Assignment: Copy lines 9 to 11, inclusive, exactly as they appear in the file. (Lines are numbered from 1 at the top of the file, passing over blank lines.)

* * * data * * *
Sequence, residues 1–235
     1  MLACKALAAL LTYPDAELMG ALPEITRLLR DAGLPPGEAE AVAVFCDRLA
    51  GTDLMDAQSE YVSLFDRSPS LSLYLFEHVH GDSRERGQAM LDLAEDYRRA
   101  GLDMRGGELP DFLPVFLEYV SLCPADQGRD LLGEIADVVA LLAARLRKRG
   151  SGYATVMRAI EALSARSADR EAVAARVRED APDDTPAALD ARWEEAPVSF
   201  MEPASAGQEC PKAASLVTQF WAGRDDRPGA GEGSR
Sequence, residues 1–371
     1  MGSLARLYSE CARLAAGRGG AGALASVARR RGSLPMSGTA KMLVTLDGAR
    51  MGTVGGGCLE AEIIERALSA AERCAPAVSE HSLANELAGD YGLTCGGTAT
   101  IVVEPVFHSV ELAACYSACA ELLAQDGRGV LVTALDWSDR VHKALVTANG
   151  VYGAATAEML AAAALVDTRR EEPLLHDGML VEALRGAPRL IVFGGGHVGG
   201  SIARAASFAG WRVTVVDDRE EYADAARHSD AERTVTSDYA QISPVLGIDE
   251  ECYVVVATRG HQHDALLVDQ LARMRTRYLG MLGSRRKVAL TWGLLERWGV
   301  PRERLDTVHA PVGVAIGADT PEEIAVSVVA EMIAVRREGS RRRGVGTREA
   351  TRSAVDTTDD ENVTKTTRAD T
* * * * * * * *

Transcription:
    51  MGTVGGGCLE AEIIERALSA AERCAPAVSE HSLANELAGD YGLTCGGTAT
   101  IVVEPVFHSV ELAACYSACA ELLAQDGRGV LVTALDWSDR VHKALVTANG
   151  VYGAATAEML AAAALVDTRR EEPLLHDGML VEALRGAPRL IVFGGGHVGG